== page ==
At some point it all looked like Gen. Buhari and his All Progressives Congress (APC) team would pose a deadly serious threat to the Peoples Democratic Party (PDP) and wreck their chances of returning the incumbent President Goodluck Ebele Jonathan to power come May 29. But all the early good works and concerted efforts to win the sympathy and support of the masses, and gain their votes have been undone, almost single-handedly by the party itself.
Few weeks ago, it was safe to say that the winner of the February 14 Presidential election was anyone’s guess, bearing in mind that the two frontrunners in the elections were – and still are – neck-and-neck in terms of the number of core supporters they have been able to amass. Both, however, would have – and may still be – banking on the support of millions of undecided eligible Nigerian voters whose minds were yet to be made up on who to support and who not to support. Unfortunately, it now seems that the bulk of those erstwhile undecided voters are moving further away from the Progressives, if online sentiments and those in the streets are anything to go by.
I’ve come across several previously undecided voters, both online and offline, who are now almost certain that they will camp under the Umbrella. I went ahead to require of them what informed their decisions and almost all of them were united in their rationales for settling for the PDP. Assuming that I queried 50 persons about their reasons for shifting to the PDP, 45 of them told me that the APC and Muhammadu Buhari have played into the arms of the PDP.
Now, how has the APC and Major-General Muhammadu Buhari (retd.) played into the hands of the People's Democratic Party?
The PDP in their campaign trails and in their online push for reelection have never failed to remind us of how intolerant of any form of opposition, ideological or otherwise, GMB has been. They went as far back as his 1983-85 military regime where he put a host of opposing voices behind bars to buttress their point. One would have expected that the general, as a seasoned and elite politician that he is, would in response guard his utterances and be more watchful of what he says or does in the public and to the media, but the reverse has so far been the case.
In a protest letter recently channeled through the legal director of the APC Presidential Campaign Organization, Chukwuma-Machukwu Ume (SAN), General Buhari threatened to file a lawsuit against the federal government-owned Nigerian Television Authority and the privately owned African Independent Television for what he described as “hate documentaries” against him that were aired in the tail end last month by the stations, unless they retract them and issue a formal apology. Such threats and disposition by an aspiring office holder (or even a serving office holder) are rather uncalled for in a democratic setting. The world over, leaders and politicians are scrutinized and castigated by the media on a daily basis and it’s seen as part of their obligations as watchdogs in the society.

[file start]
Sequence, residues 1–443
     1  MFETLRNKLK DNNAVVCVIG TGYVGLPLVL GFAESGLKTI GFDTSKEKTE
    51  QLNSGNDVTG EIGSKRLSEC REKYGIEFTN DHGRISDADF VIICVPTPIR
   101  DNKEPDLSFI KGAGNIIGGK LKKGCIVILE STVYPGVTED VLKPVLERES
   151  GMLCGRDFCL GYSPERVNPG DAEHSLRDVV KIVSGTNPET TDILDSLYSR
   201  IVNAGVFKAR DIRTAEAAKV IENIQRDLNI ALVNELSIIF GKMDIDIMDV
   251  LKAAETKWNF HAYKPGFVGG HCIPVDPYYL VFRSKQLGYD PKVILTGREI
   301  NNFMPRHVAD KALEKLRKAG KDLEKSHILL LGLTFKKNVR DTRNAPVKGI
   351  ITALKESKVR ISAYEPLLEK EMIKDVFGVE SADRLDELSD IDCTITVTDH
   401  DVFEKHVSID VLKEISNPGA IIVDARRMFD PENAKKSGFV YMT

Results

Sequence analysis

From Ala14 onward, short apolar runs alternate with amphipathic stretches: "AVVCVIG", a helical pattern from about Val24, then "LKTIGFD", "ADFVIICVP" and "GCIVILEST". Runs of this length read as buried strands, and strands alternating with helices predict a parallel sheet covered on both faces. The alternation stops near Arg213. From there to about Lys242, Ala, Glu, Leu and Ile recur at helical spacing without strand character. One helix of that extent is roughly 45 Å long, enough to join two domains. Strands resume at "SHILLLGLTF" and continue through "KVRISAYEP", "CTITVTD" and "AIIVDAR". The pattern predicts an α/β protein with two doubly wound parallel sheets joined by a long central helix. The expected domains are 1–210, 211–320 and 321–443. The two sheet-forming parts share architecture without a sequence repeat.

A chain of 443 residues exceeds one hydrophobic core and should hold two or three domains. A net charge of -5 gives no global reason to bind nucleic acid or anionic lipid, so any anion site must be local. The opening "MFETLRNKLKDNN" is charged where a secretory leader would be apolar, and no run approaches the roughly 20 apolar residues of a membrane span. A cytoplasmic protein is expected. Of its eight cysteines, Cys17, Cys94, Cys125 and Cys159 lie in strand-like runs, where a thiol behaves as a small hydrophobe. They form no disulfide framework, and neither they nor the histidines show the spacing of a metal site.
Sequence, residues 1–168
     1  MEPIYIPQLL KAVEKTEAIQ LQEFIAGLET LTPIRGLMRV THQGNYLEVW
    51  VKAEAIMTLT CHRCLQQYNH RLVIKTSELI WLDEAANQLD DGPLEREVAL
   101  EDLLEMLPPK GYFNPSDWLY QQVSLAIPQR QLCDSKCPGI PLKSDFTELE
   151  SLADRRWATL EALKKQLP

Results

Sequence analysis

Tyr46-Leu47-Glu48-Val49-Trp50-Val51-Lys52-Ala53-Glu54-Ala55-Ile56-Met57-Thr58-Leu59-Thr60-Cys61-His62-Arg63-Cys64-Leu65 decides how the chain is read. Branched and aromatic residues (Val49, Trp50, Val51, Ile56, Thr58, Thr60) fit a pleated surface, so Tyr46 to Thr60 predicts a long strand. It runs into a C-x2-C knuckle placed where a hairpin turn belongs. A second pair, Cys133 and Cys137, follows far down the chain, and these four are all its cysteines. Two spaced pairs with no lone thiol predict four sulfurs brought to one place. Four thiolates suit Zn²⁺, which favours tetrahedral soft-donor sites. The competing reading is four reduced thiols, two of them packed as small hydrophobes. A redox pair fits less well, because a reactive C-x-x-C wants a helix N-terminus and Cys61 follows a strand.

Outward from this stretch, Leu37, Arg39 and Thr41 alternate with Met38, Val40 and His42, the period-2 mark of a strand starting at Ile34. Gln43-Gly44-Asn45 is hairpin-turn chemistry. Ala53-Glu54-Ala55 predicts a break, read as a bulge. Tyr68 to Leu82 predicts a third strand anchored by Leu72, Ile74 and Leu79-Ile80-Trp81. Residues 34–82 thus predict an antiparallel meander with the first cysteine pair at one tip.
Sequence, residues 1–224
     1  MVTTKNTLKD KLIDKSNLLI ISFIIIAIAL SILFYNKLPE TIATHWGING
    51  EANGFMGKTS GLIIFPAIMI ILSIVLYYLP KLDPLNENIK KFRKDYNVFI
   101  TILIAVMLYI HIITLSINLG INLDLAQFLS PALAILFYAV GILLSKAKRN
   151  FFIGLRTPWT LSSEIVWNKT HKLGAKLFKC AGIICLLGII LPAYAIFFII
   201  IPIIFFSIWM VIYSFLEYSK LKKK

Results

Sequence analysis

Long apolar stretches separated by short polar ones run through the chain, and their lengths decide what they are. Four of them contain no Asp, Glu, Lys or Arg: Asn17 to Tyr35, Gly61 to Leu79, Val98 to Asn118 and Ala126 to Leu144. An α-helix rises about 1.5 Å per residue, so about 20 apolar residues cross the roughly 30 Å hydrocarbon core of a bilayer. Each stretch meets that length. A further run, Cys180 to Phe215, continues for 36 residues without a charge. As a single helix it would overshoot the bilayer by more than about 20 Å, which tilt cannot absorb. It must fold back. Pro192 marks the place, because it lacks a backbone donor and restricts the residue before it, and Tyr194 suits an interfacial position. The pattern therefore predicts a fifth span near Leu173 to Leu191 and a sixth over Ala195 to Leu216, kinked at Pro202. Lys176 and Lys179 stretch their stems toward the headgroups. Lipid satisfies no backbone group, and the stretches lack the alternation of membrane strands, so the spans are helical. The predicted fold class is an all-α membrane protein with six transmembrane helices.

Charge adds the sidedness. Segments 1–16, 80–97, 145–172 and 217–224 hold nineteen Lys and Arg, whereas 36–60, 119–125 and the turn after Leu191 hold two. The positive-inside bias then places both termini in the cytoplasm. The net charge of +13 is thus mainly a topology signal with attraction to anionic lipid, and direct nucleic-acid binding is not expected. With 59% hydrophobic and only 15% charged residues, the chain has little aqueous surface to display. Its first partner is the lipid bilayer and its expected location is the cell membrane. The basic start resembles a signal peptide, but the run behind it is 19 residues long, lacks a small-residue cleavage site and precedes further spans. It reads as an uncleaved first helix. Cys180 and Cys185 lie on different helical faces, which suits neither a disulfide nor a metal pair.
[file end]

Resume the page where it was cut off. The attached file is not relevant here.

If world leaders should file a lawsuit for every alleged calumny or supposed act of “hate” they've been subjected to, then the mountain of lawsuits that would be filed by the likes of Barack Obama, David Cameron, Vladimir Putin or even our very own Goodluck Jonathan will take several generations of humanity to tackle. These leaders are lampooned on a daily basis yet you rarely hear them threatening to sue anyone for it. His own case shouldn't be any different. So my advice to the General is that the sooner he develops a thick skin to withstand all the media "assault," the better for him, because he will be receiving a truckload of it should he eventually win.
In like manner, the leadership of the APC is doing their presidential and vice presidential aspirants and their image as a whole no good by backing out of a series of debates organized by different corporate bodies and organizations within the country in the run-up to the Valentine’s Day polls. Their no-show at the Nigerian Elections Debate Group (NEDG)’s Vice Presidential debates and their anticipated no-show at the presidential debates to be organized by the trio of the Newspaper Proprietors’ Association of Nigeria (NPAN), Arise News and ChannelsTV do nothing to gainsay the allegation leveled against them by the People’s Democratic Party of being fight shy of a public face-off in which they will have to tackle tough questions and defend their manifestos and party agenda before Nigerians.
Though the APC has come out to deny this allegation and have done their best to repudiate the "dodging theory" of the PDP by citing perceived bias on the part of the organizers of the debates as their reason for backing out, the average and neutral Nigerian on the streets is not buying it. The rebuttal has done very little to convince neutrals who are beginning to toe the PDP’s line. My advice to them is that they should vet their options and come up with a positive decision in time, before the election sets in.
For the sake of time and space, I will stop at these. These and many more PR missteps and political miscalculations have conspired to put the party in a precarious position and rob them of the people's goodwill which they once owned. In an election that will likely be decided by the undecided voters, the APC are fast losing speed and direction. Concerted efforts must be made to repair what has already been damaged and put their push for the country's top job back on track, else they run the risk of losing by a wide margin at the poll.